Sitting at my dining room table 18 weeks pregnant at the age of 33 with my fourth child, I started thinking about the differences in my life since my last pregnancy. Besides the age gap (age 22 with my last), my body is more fatigued, my stomach more nauseous, and my head a little foggier. The biggest difference didn't hit me until a minute ago when I went to take my Prenatal Vitamins. A familiar voice came to my mind as I looked down at my pills.
"Debbie, you're remembering to take your vitamins aren't you?!"
I realized this is my first pregnancy without my mom. She passed from lung cancer May 19th, 2012 while my three older kids were still small. Each step of the way, she was there for me through each pregnancy. My mom never failed to check on me every single day, by phone or otherwise, to make sure I was taking care of myself and my baby. I moved to Idaho at the age of 19 with my husband and our first child, after which, I received a phone call at least once a day from my mom. She was always asking how I was doing and giving me advice (solicited or otherwise) about my health and parenting. No matter what was happening, that phone call came in like clock work. I remember missing her call during a family event and my sister-in-law came out of her house telling me my mom called her to make sure I was taking my vitamins. I rolled my eyes a little at that one.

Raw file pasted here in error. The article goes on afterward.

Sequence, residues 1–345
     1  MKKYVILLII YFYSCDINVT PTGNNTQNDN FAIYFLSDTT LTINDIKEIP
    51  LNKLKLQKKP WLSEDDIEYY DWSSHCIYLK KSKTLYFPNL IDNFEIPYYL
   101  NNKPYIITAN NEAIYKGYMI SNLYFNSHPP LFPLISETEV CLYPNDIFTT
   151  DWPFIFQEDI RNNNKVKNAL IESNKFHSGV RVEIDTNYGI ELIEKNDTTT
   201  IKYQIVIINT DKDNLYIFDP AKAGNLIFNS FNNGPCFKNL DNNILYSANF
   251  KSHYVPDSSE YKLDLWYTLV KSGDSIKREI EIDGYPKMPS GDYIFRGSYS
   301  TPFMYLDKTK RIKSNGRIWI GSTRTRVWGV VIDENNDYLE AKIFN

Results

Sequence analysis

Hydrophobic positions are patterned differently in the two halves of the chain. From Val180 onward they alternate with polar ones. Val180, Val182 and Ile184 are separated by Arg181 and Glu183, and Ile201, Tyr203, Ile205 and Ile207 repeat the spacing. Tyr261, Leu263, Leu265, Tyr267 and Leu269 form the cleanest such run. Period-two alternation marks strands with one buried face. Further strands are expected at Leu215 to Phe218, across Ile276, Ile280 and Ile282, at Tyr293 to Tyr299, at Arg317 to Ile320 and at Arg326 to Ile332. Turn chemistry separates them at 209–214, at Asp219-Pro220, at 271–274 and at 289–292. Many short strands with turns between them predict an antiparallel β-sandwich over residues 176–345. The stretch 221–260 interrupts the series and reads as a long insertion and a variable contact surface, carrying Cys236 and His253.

The things I found embarrassing or I ignored because I thought I heard it a million times are the very things I wish I could hear each day now. Thinking back on it, what was told to me found a way to implanted itself into my brain as a mother. I find myself saying a lot of the same advice to my daughter, and like today, saying it to myself.
I hear her voice each time I repeat her advice:
"You gotta get some rest."
"You'll feel better after a nice haircut."
"Make sure you're getting out and doing what you like to do."
"Always send a thank you."
"Take lots of pictures."
"Always say I love you, even if you're angry, because you don't know when you'll say it again."
Looking down at my vitamins, it gets me teary eyed. Picturing her face as she'd ask me the same question every phone call. Each time I see them now, her voice will be played like a recording: "Debbie, you're remembering to take your vitamins, aren't you?!"
With that, I'll be smiling, replying in my heart, "Yes mom, Yes I am."
My prayer for you all this week and throughout this month is this: Not matter how many times you heard it, listen to her anyways. Even if you feel like you don't need it, get the advice anyways. Those of us without our moms here, take time to write down what she told you and what you remember about her. Don't let this month just be about a holiday, but make it a remembrance of the woman who loved and raised you. This can go for anyone who was a mother figure for you. Keep those words and memories sacred and close to your heart. You never know when you'll need them most.
I know it's been awhile since I last posted, I'm hoping to be putting out more blogs sooner rather than later. I hope all of you have a wonderful Mother's Day Weekend and God bless.